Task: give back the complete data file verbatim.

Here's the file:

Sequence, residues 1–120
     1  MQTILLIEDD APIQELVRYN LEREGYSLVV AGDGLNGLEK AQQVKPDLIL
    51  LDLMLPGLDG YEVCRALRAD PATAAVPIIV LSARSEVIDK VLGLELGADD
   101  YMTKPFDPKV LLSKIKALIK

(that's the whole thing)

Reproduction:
Sequence, residues 1–120
     1  MQTILLIEDD APIQELVRYN LEREGYSLVV AGDGLNGLEK AQQVKPDLIL
    51  LDLMLPGLDG YEVCRALRAD PATAAVPIIV LSARSEVIDK VLGLELGADD
   101  YMTKPFDPKV LLSKIKALIK